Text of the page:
All this week, we run a dedicated land grabbing series, in partnership with Eco Ruralis. In part one, with Attila Szocs, Land Rights Campaign Coordinator at Eco Ruralis we introduce their comprehensive land grabbing report.
The debate on land has escalated in Europe. About time, campaigners would say! For several years, EU and national authorities were looking towards the Global South, witnessing the massive land grabs done in African, Asian and South American countries, but what about our own back yard?
It seems that it’s harder to formally acknowledge that EU support programs, like the CAP or land consolidation and concentration plans implemented by new member states like Romania, generate the same phenomenon and negative consequences: YES, land grabbing happens also in the European Union and we cannot turn a blind eye.
Livelihoods of family farmers, fair and balanced food systems and the very sovereignty of millions of peasant and organic producers depend on the way we all, and most importantly our decision makers, react.
Eco Ruralis has recently released a new report on “Land Grabbing in Romania”. Why? Because in my country only 12.000 farms over 100 hectares (0.3% of Romanian holdings) represent 34% of the Utilized Agricultural Area (UAA). The “top 100” of these holdings control more than 500.000 hectares of the country’s agricultural land. Many of them are subsidiaries of multinational companies and international investment funds. Across the whole country, natural resources have become the object of speculation and massive investments where the land owned by millions of Romanian peasants are being grabbed and transformed, with far reaching effects.
Statistics of the Romanian National Institute of Statistics (INS) show that between 2002-2010, 150.000 small farms disappeared while large farming increased by 3%.
Drivers include large scale monocultural farming, forestry, mining, energy, tourism, and ultimately speculation – and the process is weakening rural economies and hampering the development of a dynamic rural sector.
On the top of that the Romanian Government is pushing on with the development of agro-industry and making substantial efforts to attract foreign investments. The Government’s Program for the period 2013-2016 clearly states it wishes to move towards very large scale, export-oriented agriculture. In my country, as traditional and organic farmers are being marginalised, land is becoming merely a commodity on which companies can speculate. Land has become the new gold.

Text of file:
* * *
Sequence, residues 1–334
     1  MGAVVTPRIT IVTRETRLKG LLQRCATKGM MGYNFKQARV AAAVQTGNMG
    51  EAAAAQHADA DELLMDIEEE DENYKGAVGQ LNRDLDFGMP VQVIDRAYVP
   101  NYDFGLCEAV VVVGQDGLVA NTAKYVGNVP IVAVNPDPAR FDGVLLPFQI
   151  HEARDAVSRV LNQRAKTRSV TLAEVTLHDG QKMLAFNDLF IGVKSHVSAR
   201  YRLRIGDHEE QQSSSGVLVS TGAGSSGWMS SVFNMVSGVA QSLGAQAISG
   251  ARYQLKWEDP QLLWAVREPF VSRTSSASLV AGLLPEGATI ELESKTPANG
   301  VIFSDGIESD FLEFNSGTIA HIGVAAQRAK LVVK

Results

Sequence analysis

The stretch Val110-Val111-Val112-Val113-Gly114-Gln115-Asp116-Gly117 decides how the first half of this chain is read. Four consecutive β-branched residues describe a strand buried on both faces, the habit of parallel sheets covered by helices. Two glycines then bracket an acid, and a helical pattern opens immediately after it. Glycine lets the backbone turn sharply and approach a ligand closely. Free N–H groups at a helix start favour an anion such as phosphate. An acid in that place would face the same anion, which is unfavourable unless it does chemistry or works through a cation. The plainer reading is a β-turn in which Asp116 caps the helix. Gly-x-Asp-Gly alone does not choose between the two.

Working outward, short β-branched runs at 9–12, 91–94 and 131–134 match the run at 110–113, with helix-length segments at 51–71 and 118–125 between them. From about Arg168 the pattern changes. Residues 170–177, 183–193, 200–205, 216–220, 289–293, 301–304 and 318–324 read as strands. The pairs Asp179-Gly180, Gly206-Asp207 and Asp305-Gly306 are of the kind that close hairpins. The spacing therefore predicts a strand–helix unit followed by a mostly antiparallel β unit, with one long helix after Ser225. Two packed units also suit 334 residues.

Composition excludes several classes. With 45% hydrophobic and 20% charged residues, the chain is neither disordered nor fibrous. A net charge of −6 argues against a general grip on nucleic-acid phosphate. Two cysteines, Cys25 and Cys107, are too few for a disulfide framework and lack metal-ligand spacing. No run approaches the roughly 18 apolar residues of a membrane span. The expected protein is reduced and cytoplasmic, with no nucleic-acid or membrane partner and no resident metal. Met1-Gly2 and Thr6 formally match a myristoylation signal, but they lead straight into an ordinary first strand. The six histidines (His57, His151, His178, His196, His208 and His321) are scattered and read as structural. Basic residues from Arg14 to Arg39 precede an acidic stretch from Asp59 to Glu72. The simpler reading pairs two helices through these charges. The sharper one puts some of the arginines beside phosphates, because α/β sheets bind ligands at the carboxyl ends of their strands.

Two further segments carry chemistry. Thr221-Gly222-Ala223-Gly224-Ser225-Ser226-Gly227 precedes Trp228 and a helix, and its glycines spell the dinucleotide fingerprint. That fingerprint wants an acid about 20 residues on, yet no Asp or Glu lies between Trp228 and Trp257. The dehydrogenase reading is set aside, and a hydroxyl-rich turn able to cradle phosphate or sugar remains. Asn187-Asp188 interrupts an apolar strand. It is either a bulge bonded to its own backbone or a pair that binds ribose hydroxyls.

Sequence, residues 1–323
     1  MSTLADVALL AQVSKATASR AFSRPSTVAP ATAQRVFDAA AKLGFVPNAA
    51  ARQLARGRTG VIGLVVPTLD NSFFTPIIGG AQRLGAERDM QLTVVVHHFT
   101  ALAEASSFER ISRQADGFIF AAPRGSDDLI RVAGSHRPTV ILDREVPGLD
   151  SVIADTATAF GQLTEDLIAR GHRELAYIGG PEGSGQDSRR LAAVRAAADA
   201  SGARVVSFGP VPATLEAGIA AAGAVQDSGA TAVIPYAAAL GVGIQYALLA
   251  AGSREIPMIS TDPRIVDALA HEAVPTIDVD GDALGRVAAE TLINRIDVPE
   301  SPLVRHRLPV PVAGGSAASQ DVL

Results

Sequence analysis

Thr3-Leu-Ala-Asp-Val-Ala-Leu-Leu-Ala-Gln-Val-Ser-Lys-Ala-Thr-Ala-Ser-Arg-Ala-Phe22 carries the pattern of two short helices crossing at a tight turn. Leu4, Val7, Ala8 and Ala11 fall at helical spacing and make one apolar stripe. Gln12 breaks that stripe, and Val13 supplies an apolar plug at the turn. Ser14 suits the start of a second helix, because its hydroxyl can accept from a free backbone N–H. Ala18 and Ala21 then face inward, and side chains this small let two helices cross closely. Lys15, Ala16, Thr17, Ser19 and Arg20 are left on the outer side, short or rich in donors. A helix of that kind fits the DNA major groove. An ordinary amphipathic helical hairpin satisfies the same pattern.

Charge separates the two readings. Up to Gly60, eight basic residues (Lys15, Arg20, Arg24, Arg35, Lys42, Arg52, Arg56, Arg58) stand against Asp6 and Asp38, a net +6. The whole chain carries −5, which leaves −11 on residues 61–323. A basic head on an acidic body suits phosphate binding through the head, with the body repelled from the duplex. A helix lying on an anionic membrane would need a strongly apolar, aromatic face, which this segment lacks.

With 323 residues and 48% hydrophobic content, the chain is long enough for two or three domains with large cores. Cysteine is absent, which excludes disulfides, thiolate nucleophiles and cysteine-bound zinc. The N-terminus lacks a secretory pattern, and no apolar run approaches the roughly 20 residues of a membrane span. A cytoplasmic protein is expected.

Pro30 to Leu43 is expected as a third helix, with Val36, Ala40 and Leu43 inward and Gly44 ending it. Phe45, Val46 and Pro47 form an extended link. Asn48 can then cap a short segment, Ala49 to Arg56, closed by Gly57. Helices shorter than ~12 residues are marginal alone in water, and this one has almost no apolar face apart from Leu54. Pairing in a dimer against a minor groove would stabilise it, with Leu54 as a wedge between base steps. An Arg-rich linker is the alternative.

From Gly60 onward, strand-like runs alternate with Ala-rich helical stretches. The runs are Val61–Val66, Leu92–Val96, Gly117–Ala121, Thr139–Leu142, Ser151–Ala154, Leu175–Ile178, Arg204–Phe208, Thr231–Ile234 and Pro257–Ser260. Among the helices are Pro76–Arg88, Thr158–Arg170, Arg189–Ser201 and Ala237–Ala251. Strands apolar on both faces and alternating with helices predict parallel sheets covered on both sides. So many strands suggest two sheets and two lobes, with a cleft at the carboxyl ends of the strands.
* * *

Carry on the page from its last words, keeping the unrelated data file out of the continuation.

Romania is not the only country facing this issue. As the recent study on the “Extent of Farmland Grabbing in the EU” created by the Transnational Institute on the request of the European Parliament’s Committee on Agriculture and Rural Development reveals much to be concerned about.
The geographical distribution of farmland grabbing in the EU is uneven and is particularly concentrated in eastern European member states. Here, the lack of transparency around large-scale land deals in the EU implies that farmland grabbing operates in part through ‘extra-economic’ forces and it involves a huge diversity of actors, including a new asset class made up of large banking groups, pension and insurance funds, who are controlling an ever-increasing share of European farmland. The study also highlights that farmland grabbing in the EU interacts with longer-term processes of land concentration which is a matter of high policy and social concern.
The findings of the “Land grabbing in Romania” are similar. Data from official registries show the strong presence of banking institutions and investment funds like Rabobank, Generali or Spearhead International. The range of investors is “exotic”…from Austrian Counts to Romanian oligarchs and Danish and Italian agribusiness companies. The study argues that investors are mainly preoccupied with how to increase efficiency and how to develop the product. Labor conditions or local economic development are not of a high importance for transnational companies. They grow vertically, usually controlling the full process of production all the way to export. Thus, small farmers are forced to reduce the price of their products to compete with highly profitable and subsidised businesses. As the possibilities in the countryside retract, many decide to sell out and leave their livelihoods behind.
The report highlights some specific case studies through four facts-sheets on land grabbing and two fact-sheets on forest grabbing, highlighting the investment approaches of industrial rice producing Italian companies, the large-scale domination of Bardeau Group and the logging activities of one Austrian and one Finnish company.
Reading these reports, we realize the “velvet” side of land grabbing. Masked by sound bites like “Economic Dimension of Farms”, “land consolidation” and “land concentration”, European Subsidies, National Governmental Plans and Corporate interests meet in a poisonous whirlpool. Let’s not imagine armed private militia dispossessing peasants from their lands here, although I have visited Romanian mega farms which where guarded with Kalashnikov’s.
No, the weapons of land grabbing in Eastern Europe differ: money, lack of transparency and institutional corruption. Nonetheless, they hurt underprivileged rural societies in the same way.